Works by Sefardic artists exhibited in Madrid
By Daniel Santacruz

Two artists. Two different periods. Two different styles. A common denominator: Their Sefardic roots.

The works of artists Moshe Castel and Moisés Bentata can be seen at an exhibit at the Centro Sefarad-Israel, in Madrid, titled “From Light to Secret” until March 9.

It is the brainchild of Jacques Soussana, owner of Jacques Soussana Fine Art Galleries, in Jerusalem, in order, partially, to promote Castel’s works in Spain who.According to him, Castel os one of the most important Sefardic painters of the twentieth century.

“In a year or two a Jewish art museum will open in Madrid and I want them to consider including Castel in it,” he said in an interview at his gallery.

Born in Larache, Morocco, Soussana moved to Israel in 1966 at the age of 20 and he studied cinematography and photography in Jerusalem, but decided to pursue art as a full-time career. In 1975 he opened his first gallery in Jerusalem and a second a few years later in Madrid. He currently represents 11 artists.

“I am one of the oldest art dealers in Jerusalem who is still active,” he said.

The exhibit is sponsored by the Israeli Embassy in Spain, the Moshe Castel Museum of Art, in Maale Adumim, Israel, the Jewish Community of Madrid and the Council of the Sephardic Community of Jerusalem, in Jerusalem.
Castel was born in Jerusalem in 1909 and died in Tel Aviv in 1991. As the artist’s last name indicates, his family originated possibly in Castile, Spain. His ancestors were among the

expellees from that country in 1492, settling in Gaza initially, where they lived for 300 

Two of the works of Moshe Castel, left, and Moshe Bentata that are in the Madrid exhibit. Below, Jacques Soussana.

years. They then moved to Hebron and later to Jerusalem.

Castel’s father was a renowned artist and Orientalist who had a decisive influence on him. Castel attended the prestigious Bezalel Academy of Art, in Jerusalem, from 1922 to 1925, and in 1927 traveled to Paris to further his studies. In 1940 he went back to Israel, settling in Safed. His works can be found in museums in Jerusalem, New York, London, Rome and Sao Paulo, Brazil.

A resident of Madrid, Bentata was born in Ceuta, Morocco, in 1963 and studied Information Systems at the University of Tel Aviv and worked as an engineer at Telefónica, Spain’s largest telecommunications company for several years. Now retired, he paints full-time. His specialty are Hebrew letters carved in wood. According to his website, “his Sephardic roots provide many of his works with a mystical narrative. The wood becomes an essential element, revealing a vocabulary of signs and shapes.”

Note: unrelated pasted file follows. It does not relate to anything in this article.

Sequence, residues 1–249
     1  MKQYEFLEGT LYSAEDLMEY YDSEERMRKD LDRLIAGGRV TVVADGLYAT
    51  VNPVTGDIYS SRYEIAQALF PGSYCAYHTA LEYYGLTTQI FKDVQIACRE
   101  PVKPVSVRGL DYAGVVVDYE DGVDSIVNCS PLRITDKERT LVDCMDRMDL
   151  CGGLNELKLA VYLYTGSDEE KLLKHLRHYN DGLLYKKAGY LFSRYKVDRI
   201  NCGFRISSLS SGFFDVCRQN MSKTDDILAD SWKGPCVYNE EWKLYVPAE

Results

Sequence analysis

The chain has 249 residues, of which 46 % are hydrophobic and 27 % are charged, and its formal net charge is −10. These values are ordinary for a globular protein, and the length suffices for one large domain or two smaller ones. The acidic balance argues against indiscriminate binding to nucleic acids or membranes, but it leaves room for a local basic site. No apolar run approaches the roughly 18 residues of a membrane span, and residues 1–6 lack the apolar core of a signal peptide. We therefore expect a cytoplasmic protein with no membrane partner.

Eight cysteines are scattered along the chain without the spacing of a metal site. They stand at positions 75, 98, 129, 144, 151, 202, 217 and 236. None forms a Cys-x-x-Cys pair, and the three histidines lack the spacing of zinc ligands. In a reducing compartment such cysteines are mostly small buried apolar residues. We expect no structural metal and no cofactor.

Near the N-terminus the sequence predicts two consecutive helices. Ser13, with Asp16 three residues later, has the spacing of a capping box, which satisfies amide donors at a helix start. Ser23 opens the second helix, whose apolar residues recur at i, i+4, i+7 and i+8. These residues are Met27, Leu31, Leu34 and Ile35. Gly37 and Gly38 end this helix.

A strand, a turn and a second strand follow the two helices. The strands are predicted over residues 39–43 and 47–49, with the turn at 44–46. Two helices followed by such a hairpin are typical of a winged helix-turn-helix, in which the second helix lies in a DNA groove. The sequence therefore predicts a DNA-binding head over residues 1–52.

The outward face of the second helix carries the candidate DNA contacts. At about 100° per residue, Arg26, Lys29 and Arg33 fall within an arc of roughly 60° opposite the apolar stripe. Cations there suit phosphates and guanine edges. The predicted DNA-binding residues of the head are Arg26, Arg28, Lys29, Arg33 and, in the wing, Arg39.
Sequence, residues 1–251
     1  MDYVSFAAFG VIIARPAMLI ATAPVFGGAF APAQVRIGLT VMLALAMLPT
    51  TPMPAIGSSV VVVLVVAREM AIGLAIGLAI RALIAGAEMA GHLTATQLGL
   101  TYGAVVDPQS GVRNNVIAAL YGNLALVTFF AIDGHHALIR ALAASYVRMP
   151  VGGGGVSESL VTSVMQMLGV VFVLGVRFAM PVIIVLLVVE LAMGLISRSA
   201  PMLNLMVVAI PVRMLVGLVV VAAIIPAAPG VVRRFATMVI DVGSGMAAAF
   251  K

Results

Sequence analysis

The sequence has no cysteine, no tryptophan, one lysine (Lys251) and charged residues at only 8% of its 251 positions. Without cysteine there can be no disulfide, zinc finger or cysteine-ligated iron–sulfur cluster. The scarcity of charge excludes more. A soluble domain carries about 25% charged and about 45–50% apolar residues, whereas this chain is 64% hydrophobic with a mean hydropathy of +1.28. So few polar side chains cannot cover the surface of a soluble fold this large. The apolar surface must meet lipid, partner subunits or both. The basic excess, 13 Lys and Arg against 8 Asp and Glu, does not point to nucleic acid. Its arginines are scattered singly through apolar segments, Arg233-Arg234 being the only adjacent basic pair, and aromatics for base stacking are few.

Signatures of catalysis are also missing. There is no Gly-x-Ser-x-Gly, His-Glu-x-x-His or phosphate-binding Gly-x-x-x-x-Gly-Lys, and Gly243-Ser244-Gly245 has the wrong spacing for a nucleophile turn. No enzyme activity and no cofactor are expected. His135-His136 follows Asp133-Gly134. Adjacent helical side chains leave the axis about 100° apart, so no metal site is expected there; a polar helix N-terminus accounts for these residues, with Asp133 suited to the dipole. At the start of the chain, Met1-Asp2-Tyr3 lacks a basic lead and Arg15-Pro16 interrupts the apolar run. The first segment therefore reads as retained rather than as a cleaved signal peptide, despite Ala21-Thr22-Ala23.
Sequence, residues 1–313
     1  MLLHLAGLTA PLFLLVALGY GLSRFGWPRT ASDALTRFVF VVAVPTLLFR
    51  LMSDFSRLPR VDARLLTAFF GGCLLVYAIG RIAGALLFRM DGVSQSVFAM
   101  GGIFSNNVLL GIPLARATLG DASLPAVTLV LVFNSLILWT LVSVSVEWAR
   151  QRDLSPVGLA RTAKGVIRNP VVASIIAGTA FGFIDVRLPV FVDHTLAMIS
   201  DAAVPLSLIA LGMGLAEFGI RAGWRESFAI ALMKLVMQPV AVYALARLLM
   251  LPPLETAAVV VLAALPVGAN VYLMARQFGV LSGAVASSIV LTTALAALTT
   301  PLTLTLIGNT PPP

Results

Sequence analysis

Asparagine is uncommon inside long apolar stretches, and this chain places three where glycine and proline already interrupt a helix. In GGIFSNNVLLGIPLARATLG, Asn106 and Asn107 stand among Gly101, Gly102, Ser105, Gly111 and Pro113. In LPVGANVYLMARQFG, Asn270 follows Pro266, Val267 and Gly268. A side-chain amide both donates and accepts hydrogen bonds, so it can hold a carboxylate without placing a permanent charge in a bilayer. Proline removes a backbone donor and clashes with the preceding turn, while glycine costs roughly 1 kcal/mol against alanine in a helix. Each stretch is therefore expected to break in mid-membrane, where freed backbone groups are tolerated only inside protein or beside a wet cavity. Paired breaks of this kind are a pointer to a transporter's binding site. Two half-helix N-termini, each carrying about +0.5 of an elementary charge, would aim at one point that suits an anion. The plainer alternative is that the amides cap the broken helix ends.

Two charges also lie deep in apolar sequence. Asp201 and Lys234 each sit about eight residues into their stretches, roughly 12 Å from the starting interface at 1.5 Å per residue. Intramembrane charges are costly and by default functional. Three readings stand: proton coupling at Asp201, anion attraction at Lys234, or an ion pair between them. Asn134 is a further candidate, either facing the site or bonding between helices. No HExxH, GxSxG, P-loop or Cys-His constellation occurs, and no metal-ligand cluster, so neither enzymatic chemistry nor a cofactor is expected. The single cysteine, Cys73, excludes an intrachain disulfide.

He has exhibited in several Spanish cities and won the “Art for Equality and Against Racism” award in Seville in 2011, and “Focus-Abengoa” award also in that city in 2012.

His works are in private and public exhibits in Toledo, Ceuta, Madrid, Washington and Tel Aviv. Bentata will be at the exhibit every Wednesday offering guided visits.

Following are excerpts from the interview with Soussana.

Kolsefardim: Why the name “From Light to Secret?”

Jacques Soussana: It was Bentata’s idea. He sees himself as the light. The secret is Castel as his family was expelled from Spain [when many observed Judaism in sevret].

KS: ¿How many works are exhibited?

JS: Forty from Bentata and 23 from Castel. The works are signed lithographs. The originals, especially Castel’s, are very expensive and not easy to obtain because they are in museums and private collections. Bentata’s paintings cost between $500 and $2.000 dollars. He is known in Spain and art galleries around the country are beginning to show his works. Castel’s lithographs were made in 1980 by the Paris-based company Mourlot, closed since 1990, which 

Bentata works  with Hebrew letters carved in wood.

made the lithographs of well-known artists as Nahum Goodman, Chagall y Picasso.

KS: Besides being Sefardic Jews, what else do Castel and Bentata have in common?
JS: The letters. They both use the Hebrew alphabet to express themselves. Castel was influenced by Assyrianculture. Bentata uses the Hebrew letters in wood blocks.
Comments